Sunday Times review
BBC website review
An LP as weighty, compelling and brilliant as The Bad Seeds have ever produced.
A couple of years after 2004’s double-album Abattoir Blues/The Lyre of Orpheus, Nick Cave and various Bad Seeds turned to a fledgling project they named Grinderman as a means of escaping the weight and expectation of their established act. Via some charged, deranged rock’n’roll, it accomplished exactly what its architects intended, enabling them to come on strong with 2008’s acclaimed Dig, Lazarus, Dig!!! and clear the palette for Push the Sky Away, their 15th studio album.
The product of a newly reconfigured Bad Seeds (their first album without founding member Mick Harvey, who left in 2009), Cave employs the metaphor of albums as children in its press release, likening it to “the ghost-baby in the incubator” wherein “Warren [Ellis]’s loops are its tiny, trembling heart-beat”. It is certainly a far stranger, subtler record than that last Bad Seeds outing. And in its own way this is every bit as fierce and uncompromising as both Grinderman LPs.
Lead single We No Who U R sets the template: a hymnal slow-burner replete with elemental imagery, it falls somewhere between simmering menace and odd, enchanting beauty. Over the following songs, Cave and his cohorts revel in this dichotomy.
Wide Lovely Eyes and We Real Cool are set against ominously rumbling guitar and bass respectively; strings, piano and backing vocals have to force their way upward in the mix to let in a little light, the ensuing interplay between tension and release exquisitely wrought.
“Wikipedia is heaven / When you don’t want to remember no more,” sighs Cave at one point, referencing the forays around arcane corners of the internet that influenced his songwriting.
These come to the fore in Higgs Boson Blues, a psychotropic eight-minute odyssey that finds him dwelling on everything from nightmarish depictions of Lucifer and disease-carrying missionaries to Miley Cyrus. The record closes with its title track, a call-to-arms both hushed and bracing in turn. “Some people say it’s just rock and roll / Oh, but it gets you right down to your soul / You’ve gotta keep on pushing,” Cave asserts.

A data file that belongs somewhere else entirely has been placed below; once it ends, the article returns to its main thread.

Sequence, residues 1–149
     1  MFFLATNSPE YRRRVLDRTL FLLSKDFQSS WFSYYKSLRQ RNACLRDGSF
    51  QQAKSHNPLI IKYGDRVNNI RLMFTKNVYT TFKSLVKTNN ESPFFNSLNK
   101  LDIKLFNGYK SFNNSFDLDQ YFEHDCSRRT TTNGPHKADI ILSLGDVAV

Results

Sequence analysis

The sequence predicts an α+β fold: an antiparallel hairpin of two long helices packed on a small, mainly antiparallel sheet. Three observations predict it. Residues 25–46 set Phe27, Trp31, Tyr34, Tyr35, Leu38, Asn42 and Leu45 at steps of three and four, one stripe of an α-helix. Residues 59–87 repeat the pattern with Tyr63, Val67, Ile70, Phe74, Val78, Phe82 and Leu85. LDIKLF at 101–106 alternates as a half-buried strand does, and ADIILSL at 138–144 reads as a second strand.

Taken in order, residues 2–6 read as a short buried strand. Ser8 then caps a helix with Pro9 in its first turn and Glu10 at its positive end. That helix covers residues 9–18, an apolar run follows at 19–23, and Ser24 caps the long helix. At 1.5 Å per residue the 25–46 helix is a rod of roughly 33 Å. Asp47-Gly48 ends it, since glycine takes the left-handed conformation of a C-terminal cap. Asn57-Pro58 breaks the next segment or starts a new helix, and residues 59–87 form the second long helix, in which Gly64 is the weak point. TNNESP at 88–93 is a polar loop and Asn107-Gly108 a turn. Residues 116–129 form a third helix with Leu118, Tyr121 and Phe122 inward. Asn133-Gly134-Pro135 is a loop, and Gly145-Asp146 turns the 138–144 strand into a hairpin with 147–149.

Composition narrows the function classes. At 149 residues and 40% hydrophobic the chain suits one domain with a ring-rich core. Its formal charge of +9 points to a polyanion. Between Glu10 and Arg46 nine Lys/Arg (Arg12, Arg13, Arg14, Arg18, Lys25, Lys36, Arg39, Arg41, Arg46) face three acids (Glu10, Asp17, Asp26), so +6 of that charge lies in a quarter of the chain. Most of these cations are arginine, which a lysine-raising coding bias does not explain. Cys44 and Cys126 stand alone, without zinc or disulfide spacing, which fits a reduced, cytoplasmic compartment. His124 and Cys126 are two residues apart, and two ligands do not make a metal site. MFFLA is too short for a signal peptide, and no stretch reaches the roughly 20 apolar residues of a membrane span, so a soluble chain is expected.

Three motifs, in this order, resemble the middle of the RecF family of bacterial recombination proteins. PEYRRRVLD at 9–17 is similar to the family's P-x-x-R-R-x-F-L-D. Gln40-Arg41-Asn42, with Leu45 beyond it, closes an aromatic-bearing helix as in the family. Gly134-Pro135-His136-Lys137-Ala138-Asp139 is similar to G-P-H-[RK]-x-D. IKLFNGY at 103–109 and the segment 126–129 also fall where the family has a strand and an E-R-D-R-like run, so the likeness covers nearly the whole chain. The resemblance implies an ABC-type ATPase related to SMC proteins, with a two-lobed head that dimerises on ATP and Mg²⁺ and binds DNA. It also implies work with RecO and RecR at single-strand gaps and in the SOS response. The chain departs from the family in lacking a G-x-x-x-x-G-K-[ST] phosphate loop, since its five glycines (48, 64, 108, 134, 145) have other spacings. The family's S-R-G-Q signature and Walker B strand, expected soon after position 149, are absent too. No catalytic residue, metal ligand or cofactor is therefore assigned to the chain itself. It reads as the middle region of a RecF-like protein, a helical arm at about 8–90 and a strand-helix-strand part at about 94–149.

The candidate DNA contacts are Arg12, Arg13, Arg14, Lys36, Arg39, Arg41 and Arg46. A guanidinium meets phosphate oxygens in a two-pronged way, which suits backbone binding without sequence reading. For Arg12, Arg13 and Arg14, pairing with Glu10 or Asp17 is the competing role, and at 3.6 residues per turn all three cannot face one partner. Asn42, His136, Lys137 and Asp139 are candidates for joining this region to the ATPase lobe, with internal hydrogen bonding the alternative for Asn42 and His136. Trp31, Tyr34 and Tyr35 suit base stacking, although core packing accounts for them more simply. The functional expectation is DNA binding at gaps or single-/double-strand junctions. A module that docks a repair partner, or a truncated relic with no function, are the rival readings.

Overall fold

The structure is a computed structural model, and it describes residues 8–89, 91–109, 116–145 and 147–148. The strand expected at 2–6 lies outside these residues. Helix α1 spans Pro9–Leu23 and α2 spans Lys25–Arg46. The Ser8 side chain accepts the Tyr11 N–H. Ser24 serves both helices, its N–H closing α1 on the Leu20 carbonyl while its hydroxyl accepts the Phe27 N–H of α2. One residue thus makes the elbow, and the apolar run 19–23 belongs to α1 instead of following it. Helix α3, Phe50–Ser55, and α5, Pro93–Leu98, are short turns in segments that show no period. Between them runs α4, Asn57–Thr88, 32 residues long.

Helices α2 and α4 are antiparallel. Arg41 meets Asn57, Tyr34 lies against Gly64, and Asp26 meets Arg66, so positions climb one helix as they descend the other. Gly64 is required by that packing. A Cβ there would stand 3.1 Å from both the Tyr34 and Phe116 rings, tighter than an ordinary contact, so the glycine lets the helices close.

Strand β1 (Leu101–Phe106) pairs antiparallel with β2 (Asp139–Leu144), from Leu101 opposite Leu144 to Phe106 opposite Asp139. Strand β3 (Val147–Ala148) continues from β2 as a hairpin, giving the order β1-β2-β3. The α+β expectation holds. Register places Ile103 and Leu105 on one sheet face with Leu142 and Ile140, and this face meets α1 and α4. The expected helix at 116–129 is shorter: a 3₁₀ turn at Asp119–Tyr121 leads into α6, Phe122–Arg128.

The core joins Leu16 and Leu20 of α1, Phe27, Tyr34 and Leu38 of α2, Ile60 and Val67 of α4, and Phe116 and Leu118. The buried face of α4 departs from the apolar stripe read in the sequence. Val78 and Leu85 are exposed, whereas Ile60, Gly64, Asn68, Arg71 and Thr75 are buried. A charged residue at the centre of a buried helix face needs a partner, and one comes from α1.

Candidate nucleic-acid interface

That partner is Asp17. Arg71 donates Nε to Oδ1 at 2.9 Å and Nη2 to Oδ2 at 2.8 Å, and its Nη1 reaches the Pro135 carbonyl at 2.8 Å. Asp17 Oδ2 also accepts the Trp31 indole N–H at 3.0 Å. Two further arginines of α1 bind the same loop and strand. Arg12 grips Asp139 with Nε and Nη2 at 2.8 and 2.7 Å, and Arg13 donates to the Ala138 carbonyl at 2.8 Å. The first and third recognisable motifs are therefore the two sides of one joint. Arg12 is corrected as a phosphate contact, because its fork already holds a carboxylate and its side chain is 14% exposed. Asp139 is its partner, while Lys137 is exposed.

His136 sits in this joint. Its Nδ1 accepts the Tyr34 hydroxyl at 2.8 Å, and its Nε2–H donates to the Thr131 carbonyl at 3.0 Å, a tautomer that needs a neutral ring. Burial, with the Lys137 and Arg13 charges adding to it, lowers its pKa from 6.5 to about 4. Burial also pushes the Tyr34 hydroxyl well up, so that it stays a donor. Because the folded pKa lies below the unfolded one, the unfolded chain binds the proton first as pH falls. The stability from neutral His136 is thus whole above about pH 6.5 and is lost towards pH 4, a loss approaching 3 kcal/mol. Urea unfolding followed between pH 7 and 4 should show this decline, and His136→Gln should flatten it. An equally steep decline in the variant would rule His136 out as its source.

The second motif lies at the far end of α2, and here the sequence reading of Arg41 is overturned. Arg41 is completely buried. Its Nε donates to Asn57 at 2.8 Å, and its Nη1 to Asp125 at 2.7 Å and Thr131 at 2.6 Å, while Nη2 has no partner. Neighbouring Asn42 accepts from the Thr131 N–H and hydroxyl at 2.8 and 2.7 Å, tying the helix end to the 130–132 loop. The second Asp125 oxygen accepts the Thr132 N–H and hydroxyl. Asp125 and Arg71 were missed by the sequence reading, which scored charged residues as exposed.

It becomes increasingly evident the song is aimed at himself as much as anyone, on an LP as weighty, compelling and brilliant as The Bad Seeds have ever produced.
After the tongue-in-cheek garage noise of his Grinderman project, Cave and co have slowed the tempo. The Bad Seeds’ 15th album, the first without longstanding cohort Mick Harvey, features funeral-paced songs and stripped-down music that calls to mind Leonard Cohen fronting James Blake minimalism, or Cave’s own, gently haunting The Boatman’s Call. Watery and seafaring imagery abounds in Mermaids and Water’s Edge, in which day tripping city girls “take their bodies apart” for sexually predatorial local boys.
Cave’s adopted home of Brighton may or may not inform Wide Lovely Eyes’s bleak narrative of closed-down funfairs and mermaids hung by their hair. Grinderman and the Death of Bunny Munroe novel haven’t exhausted Cave’s store of ribald, black humour (“I was the match that would fire up her snatch,” he sings at one point) and Higgs Boson Blues finds equal evil in Lucifer and Miley Cyrus. But Cave is mostly in his familiar role as sombre, shadowy storyteller-observer. There aren’t the guitar storms of a Mercy Seat or Do You Love Me? but Jubilee Street – a beguiling tale of brothels and hypocrisy – could quietly become another Seeds classic.
Push the Sky Away is the 15th official album by Nick Cave and the Bad Seeds, but it could almost be their first. After 30 years together, the band has effectively come full circle, having completed its evolution from untamed beast to rock dignitary and, via the fearsome alter-ego offshoot Grinderman, back again. Factor in the recent resignation of Mick Harvey (Cave’s right hand man since their Boys Next Door days in the late 1970s), and the sudden deep-sixing of Grinderman (as a recording entity, at least), and the Bad Seeds’ reliably black essence now more closely resembles a blank canvas.
Push the Sky Away scans as the Bad Seeds’ post-Grinderman comedown album, to be filed alongside statelier turns like 1997’s The Boatman’s Call and 2001’s No More Shall We Part. But where the Bad Seeds’ mellow records usually find Cave in pensive, piano-man mode, Push the Sky Away presents an uncharacteristically weightless, eerily atmospheric sound; in lieu of crossover ballads like “Into My Arms” and “People Ain’t No Good”, we have foggy reveries built upon ominously rumbling bass lines, twitchy rhythmic tics, and hushed-voice intimations. It may not erupt with same force as the Bad Seeds’ stormiest gestures, but the underlying menace fuelling it remains.